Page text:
Sappy start to Thanksgiving a holiday tradition

Every year when the broadcast of the Macy's Thanksgiving Day parade begins, I tear up.

This is a great source of amusement at my house, with Dan and Ainsley eager to supply their annual admonition of what a dork I am. I agree it's ridiculous, but I can't help it.

Every year, I try to figure out what it is about the parade that hits such an emotional chord with me.

I wonder if it's memories of watching the parade on the black and white television that sat on a cart in the kitchen of my childhood home. My mom would be in the background, cooking the sausage for her homemade stuffing.

Thanksgiving was the only holiday we hosted when I was a kid, and I loved having our family gather around our dining room table. We had these small turkey and pilgrim candles that we'd put on the table every year, and I often made a popsicle stick log cabin or construction paper scene for them to inhabit. The candles sit on my kitchen windowsill as I write this, and they still make me smile.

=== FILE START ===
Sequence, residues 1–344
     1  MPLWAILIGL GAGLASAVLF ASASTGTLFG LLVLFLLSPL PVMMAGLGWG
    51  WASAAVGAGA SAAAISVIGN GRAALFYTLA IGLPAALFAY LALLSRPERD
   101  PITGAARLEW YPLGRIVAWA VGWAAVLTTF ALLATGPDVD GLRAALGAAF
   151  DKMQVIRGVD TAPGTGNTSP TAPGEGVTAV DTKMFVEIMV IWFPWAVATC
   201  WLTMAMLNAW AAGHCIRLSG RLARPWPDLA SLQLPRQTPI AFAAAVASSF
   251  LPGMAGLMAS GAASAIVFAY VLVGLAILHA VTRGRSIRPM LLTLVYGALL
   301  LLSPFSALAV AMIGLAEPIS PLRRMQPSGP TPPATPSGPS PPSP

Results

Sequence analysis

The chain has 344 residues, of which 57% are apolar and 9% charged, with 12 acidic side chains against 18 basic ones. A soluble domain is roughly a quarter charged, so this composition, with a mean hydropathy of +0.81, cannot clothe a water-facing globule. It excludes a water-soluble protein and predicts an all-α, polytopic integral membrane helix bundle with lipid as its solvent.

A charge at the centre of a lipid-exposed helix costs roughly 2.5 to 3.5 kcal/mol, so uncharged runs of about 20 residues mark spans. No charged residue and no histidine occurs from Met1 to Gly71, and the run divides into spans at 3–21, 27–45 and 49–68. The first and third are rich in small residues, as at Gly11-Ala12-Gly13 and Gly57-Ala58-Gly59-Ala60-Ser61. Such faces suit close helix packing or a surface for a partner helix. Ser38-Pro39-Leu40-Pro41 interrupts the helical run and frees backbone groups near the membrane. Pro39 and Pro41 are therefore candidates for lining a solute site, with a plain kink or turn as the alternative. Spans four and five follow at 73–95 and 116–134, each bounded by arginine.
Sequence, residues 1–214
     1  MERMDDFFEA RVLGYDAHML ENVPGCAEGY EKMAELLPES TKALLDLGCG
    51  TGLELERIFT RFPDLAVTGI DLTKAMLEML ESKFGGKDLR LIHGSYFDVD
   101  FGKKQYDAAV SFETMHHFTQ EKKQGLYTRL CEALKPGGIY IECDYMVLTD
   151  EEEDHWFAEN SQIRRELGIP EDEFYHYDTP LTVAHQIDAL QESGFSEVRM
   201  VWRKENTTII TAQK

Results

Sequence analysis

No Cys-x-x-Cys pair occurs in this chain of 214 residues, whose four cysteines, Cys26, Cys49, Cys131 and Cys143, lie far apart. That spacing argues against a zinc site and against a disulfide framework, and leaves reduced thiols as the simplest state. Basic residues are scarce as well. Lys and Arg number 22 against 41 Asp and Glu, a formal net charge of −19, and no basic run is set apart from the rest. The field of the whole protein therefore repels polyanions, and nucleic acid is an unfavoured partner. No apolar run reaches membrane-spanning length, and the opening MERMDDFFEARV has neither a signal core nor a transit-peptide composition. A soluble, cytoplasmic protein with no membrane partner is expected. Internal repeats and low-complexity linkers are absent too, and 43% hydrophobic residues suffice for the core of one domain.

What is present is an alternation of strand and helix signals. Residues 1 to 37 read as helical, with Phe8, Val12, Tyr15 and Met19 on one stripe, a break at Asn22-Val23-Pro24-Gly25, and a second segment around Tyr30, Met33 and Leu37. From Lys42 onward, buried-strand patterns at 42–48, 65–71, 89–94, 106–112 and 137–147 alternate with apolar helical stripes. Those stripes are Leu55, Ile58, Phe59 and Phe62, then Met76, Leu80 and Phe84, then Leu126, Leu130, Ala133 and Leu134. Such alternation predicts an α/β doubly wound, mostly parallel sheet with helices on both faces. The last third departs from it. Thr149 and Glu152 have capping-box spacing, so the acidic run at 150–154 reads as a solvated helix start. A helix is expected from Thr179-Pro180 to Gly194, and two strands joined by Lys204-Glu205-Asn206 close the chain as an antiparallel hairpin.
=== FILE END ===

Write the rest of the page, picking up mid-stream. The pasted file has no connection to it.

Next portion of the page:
I loved helping in the kitchen while the parade was on, neatly slicing the canned cranberry sauce so it would lay perfectly in the cut glass dish we always served it in. I enjoyed arranging the olives and pickles in their little dish as well, and once, the story goes, ate most of the pickles right out of the jar. I don't remember that or throwing up after, which I also apparently did.

I think even as a kid, I must have had an appreciation for the simplicity of the holiday. There were no presents to open, no eggs to hunt for. We would simply gather, give thanks and enjoy the feast.

Only two people who sat at that table with me are still alive, and I haven't seen them for a long time. But I remember us all being together as if it were yesterday.

When I hear the TV announcer welcome viewers to Macy's annual event, I suppose I am remembering much more than just watching the parade and arranging olives. I'm remembering a house filled with laughter and love. Perhaps my tears are a wish that I could, just for a moment, return. For a hug. And maybe a pickle.

- Pamela Lannom is editor of The Hinsdalean. Readers can email her at [email protected].

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Pamela Lannom is editor of The Hinsdalean